Wednesday, November 28, 2012


Catholic Communications, Sydney Archdiocese,
28 Nov 2012
Budding artists at opening of last year's children's Christmas Story Exhibition
Judging winners and runners up from among more than 1000 artworks created by Year 5 and Year 6 Catholic school students for the Archdiocese of Sydney's annual children's Christmas Story Art Exhibition was no easy task, says John Charadia, Creative Arts Advisor with the Catholic Education Office (CEO).
"Once we would have had about a dozen real standouts among the 90 paintings and artworks chosen to be part of The Christmas Story Exhibition in the Crypt. But this year each one in the exhibition is a standout," he says.
This year's entries included impressively imagined and well executed artworks using charcoal or acrylics on canvas. Some children showed off their artistic talents with water colours, pastels or coloured pencils while others tried their hand with oils or created rich collage tapestries.
"Because the standard overall is now so high, we introduced a new criteria this year which is possibly best summed up as 'balance'.
"While it is hard to define exactly what this is in words, but both symmetry and asymmetry are key along with the way the child uses his or her imagination, the depth and skill of illustration and the visual impact of the work," John says.
For the judges other equally important criteria include the title chosen for the artwork along with the student's accompanying personal reflection and description of the work and what it means. Although brief, this is a way for the judges to chart the young artist's insight and understanding of their faith, the Scriptures and the true meaning of Christmas.
"As with the artworks, some of these written explanations were outstanding. In fact some were inspiring and so beautiful, they read like prayers," says John who says the children's Christmas Story Exhibition and Competition continues surprise and delight him.
Choosing 93 paintings from 800 entries is no easy task
For the past 10 days, John and fellow judges: artist-teacher and veteran of Sydney's annual Archibald Prize, Les Quick of James Sheehan Catholic High School, Orange; artist-tutor Amanda McPaul-Browne; and Wanda Grein of the Anise Art Consultancy have been surrounded by entries for this year's exhibition and deciding not only on the winners and runners up, but those that deserve highly commended stickers.
They have also had the almost impossible task of choosing just 93 artworks from more than 1000 entries received.
"Each year it seems to become more and more difficult," John says but admits he and the other three judges were all were tremendously excited by the calibre and overall standard of this year's entries both in terms of art and creativity as well as in written expression.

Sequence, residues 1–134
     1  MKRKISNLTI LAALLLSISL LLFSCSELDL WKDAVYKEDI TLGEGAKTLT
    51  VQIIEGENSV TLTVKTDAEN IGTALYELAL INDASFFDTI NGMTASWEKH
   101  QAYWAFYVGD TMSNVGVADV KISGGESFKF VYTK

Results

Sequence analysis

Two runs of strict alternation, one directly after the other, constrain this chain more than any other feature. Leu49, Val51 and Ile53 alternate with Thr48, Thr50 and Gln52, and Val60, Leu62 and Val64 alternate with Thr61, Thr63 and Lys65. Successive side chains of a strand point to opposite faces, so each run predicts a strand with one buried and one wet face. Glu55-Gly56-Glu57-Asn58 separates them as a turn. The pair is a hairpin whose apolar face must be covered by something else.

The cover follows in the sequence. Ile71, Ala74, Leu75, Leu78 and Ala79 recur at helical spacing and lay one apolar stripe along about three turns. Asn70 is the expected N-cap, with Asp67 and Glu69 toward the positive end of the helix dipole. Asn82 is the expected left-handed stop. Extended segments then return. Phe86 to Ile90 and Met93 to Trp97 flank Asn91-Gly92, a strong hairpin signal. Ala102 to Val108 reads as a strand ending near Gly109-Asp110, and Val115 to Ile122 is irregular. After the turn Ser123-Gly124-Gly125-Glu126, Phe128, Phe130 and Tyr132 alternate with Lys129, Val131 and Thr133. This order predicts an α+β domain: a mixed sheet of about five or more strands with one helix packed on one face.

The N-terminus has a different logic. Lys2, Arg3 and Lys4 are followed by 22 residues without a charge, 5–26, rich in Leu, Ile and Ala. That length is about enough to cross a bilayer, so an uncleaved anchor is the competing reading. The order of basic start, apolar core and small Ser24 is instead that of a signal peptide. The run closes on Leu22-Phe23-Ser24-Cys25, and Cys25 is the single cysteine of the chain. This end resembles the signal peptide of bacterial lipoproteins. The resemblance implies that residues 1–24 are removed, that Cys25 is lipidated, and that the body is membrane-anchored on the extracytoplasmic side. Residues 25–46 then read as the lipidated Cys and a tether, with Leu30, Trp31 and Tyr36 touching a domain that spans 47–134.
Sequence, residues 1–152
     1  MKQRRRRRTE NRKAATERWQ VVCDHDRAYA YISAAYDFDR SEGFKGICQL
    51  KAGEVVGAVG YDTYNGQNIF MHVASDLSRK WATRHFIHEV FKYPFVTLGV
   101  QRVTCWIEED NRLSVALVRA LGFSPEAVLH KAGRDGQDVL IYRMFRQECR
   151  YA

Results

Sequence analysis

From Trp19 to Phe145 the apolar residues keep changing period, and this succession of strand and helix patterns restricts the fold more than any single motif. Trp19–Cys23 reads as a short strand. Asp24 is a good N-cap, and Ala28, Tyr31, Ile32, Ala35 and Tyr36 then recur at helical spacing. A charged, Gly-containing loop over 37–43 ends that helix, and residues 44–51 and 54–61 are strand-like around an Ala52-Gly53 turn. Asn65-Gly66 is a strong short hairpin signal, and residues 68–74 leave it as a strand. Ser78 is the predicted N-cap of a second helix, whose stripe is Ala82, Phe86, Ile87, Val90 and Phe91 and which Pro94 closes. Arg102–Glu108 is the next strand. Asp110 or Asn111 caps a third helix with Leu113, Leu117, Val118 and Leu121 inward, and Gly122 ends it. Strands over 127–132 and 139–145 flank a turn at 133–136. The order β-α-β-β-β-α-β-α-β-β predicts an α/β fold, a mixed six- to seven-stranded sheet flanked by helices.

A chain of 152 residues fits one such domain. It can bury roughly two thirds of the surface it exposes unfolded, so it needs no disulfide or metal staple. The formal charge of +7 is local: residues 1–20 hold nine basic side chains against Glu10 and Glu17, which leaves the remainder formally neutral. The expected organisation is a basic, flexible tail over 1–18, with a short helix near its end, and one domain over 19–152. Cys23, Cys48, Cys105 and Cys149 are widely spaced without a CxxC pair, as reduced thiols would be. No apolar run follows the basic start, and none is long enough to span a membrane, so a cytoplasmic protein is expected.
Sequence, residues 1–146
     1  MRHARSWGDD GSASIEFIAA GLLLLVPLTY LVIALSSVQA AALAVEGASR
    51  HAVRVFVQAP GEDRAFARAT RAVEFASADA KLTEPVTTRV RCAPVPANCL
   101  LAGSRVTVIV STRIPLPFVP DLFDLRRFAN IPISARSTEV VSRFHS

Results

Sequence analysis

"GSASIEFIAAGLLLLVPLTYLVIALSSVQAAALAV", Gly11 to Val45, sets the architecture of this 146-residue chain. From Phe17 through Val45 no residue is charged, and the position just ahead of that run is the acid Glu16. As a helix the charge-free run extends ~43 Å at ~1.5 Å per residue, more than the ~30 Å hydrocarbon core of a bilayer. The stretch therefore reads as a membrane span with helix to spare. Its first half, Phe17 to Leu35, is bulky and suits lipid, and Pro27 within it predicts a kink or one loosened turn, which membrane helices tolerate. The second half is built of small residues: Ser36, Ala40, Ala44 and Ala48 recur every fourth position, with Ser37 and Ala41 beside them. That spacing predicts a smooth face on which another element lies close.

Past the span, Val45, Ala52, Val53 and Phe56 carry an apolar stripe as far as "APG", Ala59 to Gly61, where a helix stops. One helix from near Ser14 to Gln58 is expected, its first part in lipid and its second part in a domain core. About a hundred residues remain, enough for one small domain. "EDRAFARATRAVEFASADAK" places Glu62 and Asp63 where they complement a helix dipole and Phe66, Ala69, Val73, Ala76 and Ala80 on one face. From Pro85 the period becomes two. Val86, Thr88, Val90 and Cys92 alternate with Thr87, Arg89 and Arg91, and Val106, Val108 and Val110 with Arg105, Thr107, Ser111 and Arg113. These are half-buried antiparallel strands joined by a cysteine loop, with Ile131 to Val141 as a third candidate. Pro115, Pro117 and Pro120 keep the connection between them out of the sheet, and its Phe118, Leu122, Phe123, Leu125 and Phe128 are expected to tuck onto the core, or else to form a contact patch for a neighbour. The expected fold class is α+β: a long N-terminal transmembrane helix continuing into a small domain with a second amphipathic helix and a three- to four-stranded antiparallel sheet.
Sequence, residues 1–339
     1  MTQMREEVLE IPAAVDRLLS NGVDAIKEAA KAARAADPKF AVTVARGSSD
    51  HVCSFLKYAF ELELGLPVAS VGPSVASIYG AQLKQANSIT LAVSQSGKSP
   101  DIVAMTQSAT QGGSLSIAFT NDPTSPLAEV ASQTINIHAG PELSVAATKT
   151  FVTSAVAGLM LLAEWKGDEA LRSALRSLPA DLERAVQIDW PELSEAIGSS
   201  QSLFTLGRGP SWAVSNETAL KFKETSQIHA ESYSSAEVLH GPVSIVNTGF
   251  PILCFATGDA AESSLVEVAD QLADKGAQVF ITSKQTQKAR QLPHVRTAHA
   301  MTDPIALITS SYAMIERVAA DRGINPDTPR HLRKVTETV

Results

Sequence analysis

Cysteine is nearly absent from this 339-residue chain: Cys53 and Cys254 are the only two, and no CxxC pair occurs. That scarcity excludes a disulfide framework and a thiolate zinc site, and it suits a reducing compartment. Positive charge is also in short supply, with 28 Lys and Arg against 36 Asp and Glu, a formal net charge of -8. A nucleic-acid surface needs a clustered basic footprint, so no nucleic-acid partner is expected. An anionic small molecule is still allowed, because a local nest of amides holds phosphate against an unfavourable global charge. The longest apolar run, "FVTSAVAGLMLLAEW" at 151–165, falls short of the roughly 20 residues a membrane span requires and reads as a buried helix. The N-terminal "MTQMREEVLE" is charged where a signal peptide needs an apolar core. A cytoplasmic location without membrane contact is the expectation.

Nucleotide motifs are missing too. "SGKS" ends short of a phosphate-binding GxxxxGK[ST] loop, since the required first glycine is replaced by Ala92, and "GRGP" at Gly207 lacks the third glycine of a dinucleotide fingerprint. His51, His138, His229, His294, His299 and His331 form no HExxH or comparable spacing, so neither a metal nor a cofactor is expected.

Entries from Year 5 students and Year 6 students are divided into separate categories with each having its own winner, runner up and third-place getter. Each of the two winners receives $400 in high quality art supplies and a lavishly illustrated book on faith and art. The runners up receive $200 of top quality art supplies with third place getters receiving $100 in supplies.
In addition to these awards, there are also three special trophies for the Year 5 and Year 6 budding artists. One is the Spirit of Christmas Award sponsored and judged by Sally McDowell, a leading graphic designer and artist. The second is the Executive Director's Acquisitive Award which is chosen by CEO's Director of Schools, Dr Dan White. The artwork of whichever youngster is awarded this important trophy is "acquired" and for the next five years will be part of the CEO's art collection and on display at the CEO's Lidcombe offices.
The third and most coveted award of all and open to all entrants is the Cardinal's Choice Trophy.
Judges face a difficult task this year from so many outstanding entries
Well-known for his love and knowledge of art, the annual Christmas Story Exhibition was the brainchild of the Archbishop of Sydney, Cardinal George Pell as a way to encourage Catholic youngsters to celebrate Christmas and their faith using their visual as well as written skills.
As he does each year, His Eminence personally decides which entry should receive the Cardinal's Choice Trophy and for several weeks before the Exhibition opens at the St Mary's Cathedral's Crypt on the first Sunday in Advent, he has a selection of the children's artworks displayed at Cathedral House. This way he has time to carefully study and assess each one before making his choice.
Open to students at Catholic schools across the Archdiocese of Sydney, the Diocese of Bathurst, the Diocese of Broken Bay and the Diocese of Wollongong, as well as to youngsters in Year 5 and Year 6  Catholic Religious Education Classes at public schools, the Christmas Story Exhibition has become a much-loved tradition.
Trophy winners, finalists, those who are highly commended and all 93 of the artworks that will be on display at the Crypt at St Mary's Cathedral will be announced on Sunday, 2 December, the first day of Advent. This is when every child, their parents, family and friends will gather in the Crypt for the official opening of the exhibition which runs each year from the first Sunday in Advent until Epiphany or Sunday 6 January 2013.
"We believe every child is a winner and on Sunday every child whose artwork is hanging in the Crypt will receive a special certificate signed by His Eminence Cardinal Pell and Dr Dan White," John says.

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